19. Convergent Evolution of Head Crests in Two Domesticated Columbids Is Associated with Different Missense Mutations in EphB2.

    Science.gov (United States)

    Vickrey, Anna I; Domyan, Eric T; Horvath, Martin P; Shapiro, Michael D

    2015-10-01

    Head crests are important display structures in wild bird species and are also common in domesticated lineages. Many breeds of domestic rock pigeon (Columba livia) have crests of reversed occipital feathers, and this recessive trait is associated with a nonsynonymous coding mutation in the intracellular kinase domain of EphB2 (Ephrin receptor B2). The domestic ringneck dove (Streptopelia risoria) also has a recessive crested morph with reversed occipital feathers, and interspecific crosses between crested doves and pigeons produce crested offspring, suggesting a similar genetic basis for this trait in both species. We therefore investigated EphB2 as a candidate for the head crest phenotype of ringneck doves and identified a nonsynonymous coding mutation in the intracellular kinase domain that is significantly associated with the crested morph. This mutation is over 100 amino acid positions away from the crest mutation found in rock pigeons, yet both mutations are predicted to negatively affect the function of ATP-binding pocket. Furthermore, bacterial toxicity assays suggest that "crest" mutations in both species severely impact kinase activity. We conclude that head crests are associated with different mutations in the same functional domain of the same gene in two different columbid species, thereby representing striking evolutionary convergence in morphology and molecules. © The Author 2015. Published by Oxford University Press on behalf of the Society for Molecular Biology and Evolution. All rights reserved. For permissions, please e-mail: journals.permissions@oup.com.

  20. GM2 gangliosidosis associated with a HEXA missense mutation in Japanese Chin dogs: a potential model for Tay Sachs disease.

    Science.gov (United States)

    Sanders, Douglas N; Zeng, Rong; Wenger, David A; Johnson, Gary S; Johnson, Gayle C; Decker, Jared E; Katz, Martin L; Platt, Simon R; O'Brien, Dennis P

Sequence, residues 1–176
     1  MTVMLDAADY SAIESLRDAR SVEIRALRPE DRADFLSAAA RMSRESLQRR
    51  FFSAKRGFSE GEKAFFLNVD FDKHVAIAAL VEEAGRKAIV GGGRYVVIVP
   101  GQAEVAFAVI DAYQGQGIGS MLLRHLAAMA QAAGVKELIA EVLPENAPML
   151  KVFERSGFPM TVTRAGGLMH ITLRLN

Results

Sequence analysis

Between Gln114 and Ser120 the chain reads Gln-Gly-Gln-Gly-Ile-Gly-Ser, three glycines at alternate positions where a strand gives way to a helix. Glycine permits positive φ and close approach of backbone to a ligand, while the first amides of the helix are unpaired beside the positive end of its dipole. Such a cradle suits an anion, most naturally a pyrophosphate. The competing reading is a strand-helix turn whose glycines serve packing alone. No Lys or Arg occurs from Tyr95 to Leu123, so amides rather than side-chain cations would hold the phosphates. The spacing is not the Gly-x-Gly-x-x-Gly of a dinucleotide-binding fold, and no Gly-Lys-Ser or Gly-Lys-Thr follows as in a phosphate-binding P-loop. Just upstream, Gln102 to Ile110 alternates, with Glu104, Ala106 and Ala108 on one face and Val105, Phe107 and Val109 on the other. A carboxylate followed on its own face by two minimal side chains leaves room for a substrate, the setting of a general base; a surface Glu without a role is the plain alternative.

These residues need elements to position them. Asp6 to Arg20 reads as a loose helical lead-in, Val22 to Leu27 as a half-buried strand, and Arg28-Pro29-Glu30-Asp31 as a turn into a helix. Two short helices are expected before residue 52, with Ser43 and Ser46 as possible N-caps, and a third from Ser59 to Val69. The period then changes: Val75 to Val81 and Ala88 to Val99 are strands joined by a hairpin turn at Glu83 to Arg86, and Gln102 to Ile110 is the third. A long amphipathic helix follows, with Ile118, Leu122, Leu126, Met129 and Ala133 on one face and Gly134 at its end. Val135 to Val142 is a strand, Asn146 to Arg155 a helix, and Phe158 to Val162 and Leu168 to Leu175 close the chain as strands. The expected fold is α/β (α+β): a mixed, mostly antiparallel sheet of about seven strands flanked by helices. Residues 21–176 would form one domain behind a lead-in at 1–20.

2013-01-01

    GM2 gangliosidosis is a fatal lysosomal storage disease caused by a deficiency of β-hexosaminidase (EC 3.2.1.52). There are two major isoforms of the enzyme: hexosaminidase A composed of an α and a β subunit (encoded by HEXA and HEXB genes, respectively); and, hexosaminidase B composed of two β subunits. Hexosaminidase A requires an activator protein encoded by GM2A to catabolize GM2 ganglioside, but even in the absence of the activator protein, it can hydrolyze the synthetic substrates commonly used to assess enzyme activity. GM2 gangliosidosis has been reported in Japanese Chin dogs, and we identified the disease in two related Japanese Chin dogs based on clinical signs, histopathology and elevated brain GM2 gangliosides. As in previous reports, we found normal or elevated hexosaminidase activity when measured with the synthetic substrates. This suggested that the canine disease is analogous to human AB variant of G(M2) gangliosidosis, which results from mutations in GM2A. However, only common neutral single nucleotide polymorphisms were found upon sequence analysis of the canine ortholog of GM2A from the affected Japanese Chins. When the same DNA samples were used to sequence HEXA, we identified a homozygous HEXA:c967G>A transition which predicts a p.E323K substitution. The glutamyl moiety at 323 is known to make an essential contribution to the active site of hexosaminidase A, and none of the 128 normal Japanese Chins and 92 normal dogs of other breeds that we tested was homozygous for HEXA:c967A. Thus it appears that the HEXA:c967G>A transition is responsible for the GM2 gangliosidosis in Japanese Chins.

  1. Missense and nonsense mutations in melanocortin 1 receptor (MC1R gene of different goat breeds: association with red and black coat colour phenotypes but with unexpected evidences

    Directory of Open Access Journals (Sweden)

    Davoli Roberta

    2009-08-01